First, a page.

Throughout the home, the Hawleys rely on thought-provoking paintings and photography created by family, friends and popular local artists such as Jessica Wachter, Charles Beck, Molly Yergens, Kent Kapplinger and Jen Brandel.
The Hawleys like to spend their time gathered around the fire, which is a favorite space for them in the evenings. A working brick fireplace and mitered quartz hearth are in perfect step with the Charles Beck art piece and custom accent wall.
A textured wool rug in the family room was chosen by their daughter Amelia. “It had a sign on it that said, ‘Oops. We shouldn’t have ordered this!,'” said Sarah Hawley. “Apparently nobody wanted it, so we snagged it up.”
Family Room BEFORE
Family Room AFTER
Surprisingly, the Hawleys were able to salvage much of the original room by adding in just a few custom details to modernize its 1960s design. “We did peel back some really awful honey-oak book cases. We left the brick and painted it, then added the little stone hearth,” said Chris Hawley. “I like when the inside and outside of the house talk to each other, so this is like the accent.”
Rebuilding the existing three-season porch, the Hawleys stained everything to match the rest of the home and called on Chris Hawley’s mom to make the custom screens to snap-in and be removable for the warmer months. “The best part of that porch room is the morning view—we get a great golf course view without the golf course price,” said Chris Hawley.
A Work in Progress
As of today, the Hawleys say that it’s a work in progress before the home is officially completed. They have started work upstairs by replacing the windows and trim. “This has been our first priority, tackling the main level,” said Chris Hawley. Also currently in the midst of work on the lower level, Chris Hawley explained the next project on their list, “The basement’s going to have a sauna and be kind of a collage of all kinds of family things using some of Sarah’s grandpa’s barn for materials.”
Putting Down the Pencil
With a busy career and growing family, some might ask how someone so focused finds time to unwind. Chris Hawley is an avid cyclist, referring to it as his “medicine” for a tricky lifestyle full of family and work. He rides road bike, mountain and even fat bike in the winter months. “In my college days, I used to compete and race often, but have finally realized that I’m not going to make it to the Tour De France,” said Hawley. “During the beginning of my architecture career, I kind of let the riding fall to the side while I was trying to get things going. Ultimately, I fell out of shape and blew out my knee as a result. The first thing they do after surgery is put you on a bike and I realized how much I loved it.”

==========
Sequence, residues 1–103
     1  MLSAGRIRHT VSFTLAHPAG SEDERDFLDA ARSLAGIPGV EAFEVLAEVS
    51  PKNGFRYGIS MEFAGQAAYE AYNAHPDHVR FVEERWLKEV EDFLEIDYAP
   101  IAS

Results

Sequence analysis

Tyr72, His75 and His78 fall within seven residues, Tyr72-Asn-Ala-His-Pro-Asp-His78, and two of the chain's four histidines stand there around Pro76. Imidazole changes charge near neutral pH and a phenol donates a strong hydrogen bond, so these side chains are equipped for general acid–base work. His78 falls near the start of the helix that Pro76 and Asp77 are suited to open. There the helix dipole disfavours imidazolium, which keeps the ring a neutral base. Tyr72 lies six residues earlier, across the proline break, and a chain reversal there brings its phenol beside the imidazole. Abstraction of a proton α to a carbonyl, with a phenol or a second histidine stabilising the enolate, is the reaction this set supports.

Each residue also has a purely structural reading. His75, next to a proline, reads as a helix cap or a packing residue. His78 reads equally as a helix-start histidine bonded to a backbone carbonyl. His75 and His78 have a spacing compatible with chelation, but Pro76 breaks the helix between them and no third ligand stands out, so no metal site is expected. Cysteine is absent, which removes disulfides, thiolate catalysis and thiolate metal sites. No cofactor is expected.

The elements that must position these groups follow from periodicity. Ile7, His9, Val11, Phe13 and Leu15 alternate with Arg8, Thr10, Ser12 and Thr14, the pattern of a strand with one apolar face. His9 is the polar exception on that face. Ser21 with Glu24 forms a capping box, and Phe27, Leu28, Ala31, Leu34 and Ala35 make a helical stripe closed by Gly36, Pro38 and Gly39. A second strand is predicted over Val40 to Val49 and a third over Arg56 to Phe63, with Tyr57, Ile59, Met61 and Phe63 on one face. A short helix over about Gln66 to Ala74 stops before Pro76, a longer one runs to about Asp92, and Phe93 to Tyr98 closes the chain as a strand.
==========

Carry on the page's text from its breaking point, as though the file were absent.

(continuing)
Now a big part of his life again, the whole family enjoys the sport. “As far as the girls, they’re starting to get into it as well. Sarah does it for exercise. Amelia is having some success in competing and Ruby is a scrappy little bugger on a mountain bike.”
“From a social perspective, it is one of my favorite things to plan a bike trip around spending time with interesting and motivated people. It’s the best way to experience a new place. Whether it is up and over a mountain, through a forest or on a road through a new city, I have found it to allow the right speed to really get a sense of the place.”
About Chris Hawley Architects
Chris Hawley graduated with an architecture degree from NDSU in 2004 and began his residential design building his family’s cabin near his hometown of Minot, North Dakota This would be the first of many projects that focused on core design elements stemming from the North Dakota prairie, his family’s agricultural roots and his strong Scandinavian heritage. Hawley went on to found Radiant Homes in response to their clients request for a seamless design and build experience. In 2011, he left Radiant Homes and branched off to create an eight-person team with Chris Hawley Architects. Rapid growth and success of Hawley’s businesses earned him a nomination for the FMWF Chamber of Commerce’s “Entrepreneur of the Year” award. His work has been published in Trends Magazine and Midwest Home with a recent project, the Fargo Laundry Building, being awarded the American Institute of Architects Residential Juror’s Choice Award. Hawley is also the recipient of the Design & Living People’s Choice Awards Best Residential Architect for 2015 and 2016.
Chris Hawley’s Work